The YAL chapter at the Antonin Scalia Law School hosted Renée Flaherty, an attorney at the Institute for Justice, on September 26 for a discussion on civil forfeiture. Civil forfeiture is a practice in which law enforcement officers confiscate property they suspect to be involved in criminal activity, even if they don’t charge anyone with a crime. This, combined with its low burden of proof for the government, has led many to question its constitutionality, including Ron Wyden, Clarence Thomas, and Rand Paul.
Ms. Flaherty’s talk dealt with the problems surrounding civil forfeiture, particularly equitable sharing, in which the federal government shares seized property with local law enforcement, as well as some of the Institute for Justice’s court cases on the issue. She also discussed how civil forfeiture has been growing more frequent as time has gone on and potential solutions to the problem. She then took questions on the future of civil forfeiture and potential reform efforts. Ms. Flaherty concluded her talk with a discussion of opportunities for internships and employment at the Institute for Justice.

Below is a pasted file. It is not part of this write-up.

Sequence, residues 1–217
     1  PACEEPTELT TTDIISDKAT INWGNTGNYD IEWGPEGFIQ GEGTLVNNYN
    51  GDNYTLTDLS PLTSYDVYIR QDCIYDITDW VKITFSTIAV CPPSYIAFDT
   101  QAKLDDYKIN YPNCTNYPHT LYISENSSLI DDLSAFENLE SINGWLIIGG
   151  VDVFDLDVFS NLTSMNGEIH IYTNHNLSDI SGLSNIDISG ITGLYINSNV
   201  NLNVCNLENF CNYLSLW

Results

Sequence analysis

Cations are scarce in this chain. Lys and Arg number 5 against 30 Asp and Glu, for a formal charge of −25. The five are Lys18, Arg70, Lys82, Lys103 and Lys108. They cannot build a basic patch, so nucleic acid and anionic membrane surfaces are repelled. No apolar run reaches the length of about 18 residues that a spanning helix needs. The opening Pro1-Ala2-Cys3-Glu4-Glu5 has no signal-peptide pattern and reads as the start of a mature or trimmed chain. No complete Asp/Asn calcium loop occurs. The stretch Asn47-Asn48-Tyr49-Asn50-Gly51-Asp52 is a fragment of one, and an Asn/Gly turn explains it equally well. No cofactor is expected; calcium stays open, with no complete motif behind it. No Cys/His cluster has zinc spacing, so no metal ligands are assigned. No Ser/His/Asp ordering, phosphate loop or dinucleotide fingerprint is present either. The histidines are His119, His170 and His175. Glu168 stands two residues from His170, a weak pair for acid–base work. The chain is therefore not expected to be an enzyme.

We at the Antonin Scalia Law School want to thank Ms. Flaherty for taking the time to talk to us. We all enjoyed the talk, and we hope to do more events like it in the future.Published in